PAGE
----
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NCJ Number: 204044 Find in a Library
Title: Chronic Depersonalization Following Illicit Drug Use: A Controlled Analysis of 40 Cases
Journal: Addiction  Volume:98  Issue:12  Dated:December 2003  Pages:1731-1736
Author(s): Nicholas Medford; Dawn Baker; Elaine Hunter; Mauricio Sierra; Emma Lawrence; Mary L. Phillips; Anthony S. David
Date Published: 2003
Page Count: 6
Sponsoring Agency: Blackwell Publishers Ltd.
Oxford, OX4 13F
Sale Source: Blackwell Publishers Ltd.
108 Cowley Road
United Kingdom
Type: Research (Applied/Empirical)
Format: Article
Language: English
Country: United Kingdom
Annotation: This study examined demographic and clinical features of a group of patients reporting chronic depersonalization following illicit drug use, and assessed whether depersonalization arising in these circumstances constituted a distinct clinical syndrome.
Abstract: Depersonalization (DP) is a common but little-studied phenomenon. Persistent DP may occur as a primary disorder or in a range of neuropsychiatric contexts, such as schizophrenia and temporal lobe epilepsy. It occurs commonly with derealization (DR); this DP-DR symptom complex is characterized by a feeling of detachment from one’s surroundings (DR), and one’s own emotions, sensory perceptions, and sense of self (DP), such that both self and environment take on a disturbing air of unreality. Transient DP-DR is often seen in fatigue, in the face of extreme danger, and during or following intoxication with alcohol and/or drugs; some sufferers from chronic DP attribute the onset to a specific episode of illicit drug use. The purpose of this study was examine the characteristics and symptomatology of a group of DP-DR sufferers following drug use and compare them with the findings from a group of DP-DR sufferers with no history of drug abuse. The researchers analyzed cases drawn from the database of referrals to the depersonalization clinic and research unit affiliated with a psychiatric hospital and research center. Participants were 164 individuals with chronic DP symptoms; 40 of these cases indicated the onset of symptoms to an episode of illicit drug use. A wide range of demographic and clinical variables was measured using questionnaires and standardized rating scales. Findings from the study show that individuals in the drug-induced DP group were significantly younger and had a much larger proportion of males compared to the non-drug group. Certain clinical and phenomenological differences were found between these groups, but in general the groups were strikingly similar. This finding was reinforced by the fact that when the drug-induced group was compared with an age and sex-matched subset of the non-drug group, the differences between the groups largely disappeared. The researchers conclude that drug-induced DP does not appear to represent a distinct clinical syndrome. The neurocognitive mechanisms of the genesis and maintenance of DP are likely to be similar across clinical groups, regardless of precipitants. Study limitations are discussed. 1 table and 26 references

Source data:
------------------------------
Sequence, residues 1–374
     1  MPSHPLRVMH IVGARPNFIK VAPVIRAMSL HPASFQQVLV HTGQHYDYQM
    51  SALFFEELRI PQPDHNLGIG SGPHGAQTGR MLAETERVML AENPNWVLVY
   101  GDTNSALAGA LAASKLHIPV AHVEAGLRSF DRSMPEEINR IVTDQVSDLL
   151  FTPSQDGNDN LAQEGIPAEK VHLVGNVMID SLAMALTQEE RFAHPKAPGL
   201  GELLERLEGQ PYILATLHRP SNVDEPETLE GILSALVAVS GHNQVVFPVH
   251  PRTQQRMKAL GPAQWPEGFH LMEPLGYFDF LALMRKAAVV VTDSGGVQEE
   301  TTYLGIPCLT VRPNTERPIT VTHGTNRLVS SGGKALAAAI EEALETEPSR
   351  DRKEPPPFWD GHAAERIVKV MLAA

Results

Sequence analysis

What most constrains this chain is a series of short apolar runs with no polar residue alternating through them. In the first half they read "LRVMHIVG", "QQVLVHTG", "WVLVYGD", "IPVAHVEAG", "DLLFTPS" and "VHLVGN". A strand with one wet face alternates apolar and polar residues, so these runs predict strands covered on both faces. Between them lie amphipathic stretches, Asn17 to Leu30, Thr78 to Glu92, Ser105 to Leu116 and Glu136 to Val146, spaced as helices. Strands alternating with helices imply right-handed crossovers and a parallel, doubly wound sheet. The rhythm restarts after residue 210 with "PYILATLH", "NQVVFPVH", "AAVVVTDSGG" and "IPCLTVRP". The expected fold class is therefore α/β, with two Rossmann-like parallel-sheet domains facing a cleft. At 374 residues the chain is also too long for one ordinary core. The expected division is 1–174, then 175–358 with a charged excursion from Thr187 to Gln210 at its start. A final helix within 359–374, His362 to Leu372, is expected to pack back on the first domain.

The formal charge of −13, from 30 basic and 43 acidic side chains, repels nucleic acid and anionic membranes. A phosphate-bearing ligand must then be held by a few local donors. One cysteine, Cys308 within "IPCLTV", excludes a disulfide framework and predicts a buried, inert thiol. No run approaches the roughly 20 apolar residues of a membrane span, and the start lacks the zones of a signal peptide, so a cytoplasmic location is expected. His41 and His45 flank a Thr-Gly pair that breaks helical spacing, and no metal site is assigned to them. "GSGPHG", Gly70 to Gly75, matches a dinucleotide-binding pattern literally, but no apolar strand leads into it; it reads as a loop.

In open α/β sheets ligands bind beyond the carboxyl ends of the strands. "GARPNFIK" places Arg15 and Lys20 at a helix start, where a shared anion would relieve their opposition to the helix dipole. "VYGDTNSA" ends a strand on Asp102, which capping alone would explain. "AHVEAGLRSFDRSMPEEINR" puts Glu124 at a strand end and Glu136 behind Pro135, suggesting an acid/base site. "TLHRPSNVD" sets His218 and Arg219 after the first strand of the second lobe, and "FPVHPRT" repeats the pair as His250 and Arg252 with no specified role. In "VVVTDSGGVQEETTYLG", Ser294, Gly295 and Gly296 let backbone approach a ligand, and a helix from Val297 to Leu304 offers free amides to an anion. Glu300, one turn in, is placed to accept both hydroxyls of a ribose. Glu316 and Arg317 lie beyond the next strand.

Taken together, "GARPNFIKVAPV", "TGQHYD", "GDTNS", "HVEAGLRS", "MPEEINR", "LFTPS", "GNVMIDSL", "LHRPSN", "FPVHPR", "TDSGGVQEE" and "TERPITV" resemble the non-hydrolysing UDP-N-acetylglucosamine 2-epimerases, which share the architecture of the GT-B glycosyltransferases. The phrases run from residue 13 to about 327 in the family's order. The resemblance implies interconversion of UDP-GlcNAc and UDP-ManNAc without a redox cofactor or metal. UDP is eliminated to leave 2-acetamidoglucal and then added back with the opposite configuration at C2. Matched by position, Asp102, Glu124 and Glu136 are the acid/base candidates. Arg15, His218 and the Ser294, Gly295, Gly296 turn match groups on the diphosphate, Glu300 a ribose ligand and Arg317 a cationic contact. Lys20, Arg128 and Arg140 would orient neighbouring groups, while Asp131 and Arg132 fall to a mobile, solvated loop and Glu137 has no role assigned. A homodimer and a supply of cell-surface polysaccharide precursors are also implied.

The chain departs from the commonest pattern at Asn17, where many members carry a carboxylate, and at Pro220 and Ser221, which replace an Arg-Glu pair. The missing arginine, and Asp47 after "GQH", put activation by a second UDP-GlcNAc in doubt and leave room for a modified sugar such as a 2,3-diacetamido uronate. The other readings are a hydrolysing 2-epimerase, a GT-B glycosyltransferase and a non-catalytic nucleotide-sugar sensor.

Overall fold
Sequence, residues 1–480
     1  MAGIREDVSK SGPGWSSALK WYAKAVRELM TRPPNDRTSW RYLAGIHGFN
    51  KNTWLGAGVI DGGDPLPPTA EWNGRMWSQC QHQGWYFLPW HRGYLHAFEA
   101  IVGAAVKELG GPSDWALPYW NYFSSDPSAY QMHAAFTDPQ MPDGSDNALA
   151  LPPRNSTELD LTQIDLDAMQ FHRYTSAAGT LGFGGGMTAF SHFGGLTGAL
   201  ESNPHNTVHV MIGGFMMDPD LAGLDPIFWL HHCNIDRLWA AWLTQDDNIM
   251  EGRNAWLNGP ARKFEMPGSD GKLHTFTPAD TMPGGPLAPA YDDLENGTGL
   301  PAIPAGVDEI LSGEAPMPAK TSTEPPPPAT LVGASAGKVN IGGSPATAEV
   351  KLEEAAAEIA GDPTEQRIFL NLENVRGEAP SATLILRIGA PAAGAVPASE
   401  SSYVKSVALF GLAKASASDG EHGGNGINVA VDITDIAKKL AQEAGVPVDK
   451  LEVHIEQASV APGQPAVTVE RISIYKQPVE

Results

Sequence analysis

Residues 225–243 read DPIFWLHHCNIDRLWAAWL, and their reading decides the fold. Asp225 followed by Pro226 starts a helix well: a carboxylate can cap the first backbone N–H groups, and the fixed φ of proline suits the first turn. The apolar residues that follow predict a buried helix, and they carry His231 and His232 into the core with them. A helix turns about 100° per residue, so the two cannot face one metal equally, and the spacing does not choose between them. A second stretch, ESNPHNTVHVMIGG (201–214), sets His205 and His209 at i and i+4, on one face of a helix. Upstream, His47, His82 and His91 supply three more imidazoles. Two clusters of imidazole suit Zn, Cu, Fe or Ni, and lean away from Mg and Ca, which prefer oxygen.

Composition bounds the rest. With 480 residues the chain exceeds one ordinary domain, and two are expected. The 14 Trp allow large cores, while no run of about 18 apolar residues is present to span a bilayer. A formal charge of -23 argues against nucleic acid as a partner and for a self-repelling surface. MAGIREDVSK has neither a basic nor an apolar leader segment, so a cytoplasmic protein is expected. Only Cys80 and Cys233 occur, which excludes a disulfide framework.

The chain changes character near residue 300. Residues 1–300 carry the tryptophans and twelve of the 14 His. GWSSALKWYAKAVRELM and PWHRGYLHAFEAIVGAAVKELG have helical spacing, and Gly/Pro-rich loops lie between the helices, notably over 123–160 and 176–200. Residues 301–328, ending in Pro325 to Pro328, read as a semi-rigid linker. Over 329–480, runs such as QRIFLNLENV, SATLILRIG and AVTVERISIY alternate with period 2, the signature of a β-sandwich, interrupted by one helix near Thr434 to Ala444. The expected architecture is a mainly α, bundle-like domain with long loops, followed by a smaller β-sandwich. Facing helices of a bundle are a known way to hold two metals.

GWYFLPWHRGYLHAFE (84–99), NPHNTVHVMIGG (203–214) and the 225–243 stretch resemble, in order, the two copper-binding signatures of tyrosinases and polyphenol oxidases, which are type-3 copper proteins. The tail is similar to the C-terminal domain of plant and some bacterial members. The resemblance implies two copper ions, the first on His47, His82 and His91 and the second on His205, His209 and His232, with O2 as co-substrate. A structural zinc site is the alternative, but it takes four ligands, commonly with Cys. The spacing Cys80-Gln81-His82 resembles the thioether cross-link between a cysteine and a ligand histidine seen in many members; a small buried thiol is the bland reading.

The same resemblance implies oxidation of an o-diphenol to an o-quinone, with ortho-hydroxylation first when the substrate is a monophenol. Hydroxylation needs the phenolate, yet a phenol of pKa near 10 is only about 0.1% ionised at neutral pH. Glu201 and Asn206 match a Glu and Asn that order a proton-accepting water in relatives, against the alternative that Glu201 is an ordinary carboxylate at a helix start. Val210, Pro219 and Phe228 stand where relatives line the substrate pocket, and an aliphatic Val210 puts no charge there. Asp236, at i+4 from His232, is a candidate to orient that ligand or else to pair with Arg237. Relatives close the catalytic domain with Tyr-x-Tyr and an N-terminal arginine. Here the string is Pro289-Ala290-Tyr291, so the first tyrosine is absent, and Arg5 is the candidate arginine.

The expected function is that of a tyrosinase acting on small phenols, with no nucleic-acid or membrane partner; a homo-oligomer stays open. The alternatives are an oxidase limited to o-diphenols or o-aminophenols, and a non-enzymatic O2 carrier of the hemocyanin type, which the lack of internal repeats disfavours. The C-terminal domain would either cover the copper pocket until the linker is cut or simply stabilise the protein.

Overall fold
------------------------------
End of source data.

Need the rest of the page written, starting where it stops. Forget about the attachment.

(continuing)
Main Term(s): Drug effects
Index Term(s): Behavioral science research; Drug offender profiles; Drug use; Marijuana; Psychological research; United Kingdom (UK)
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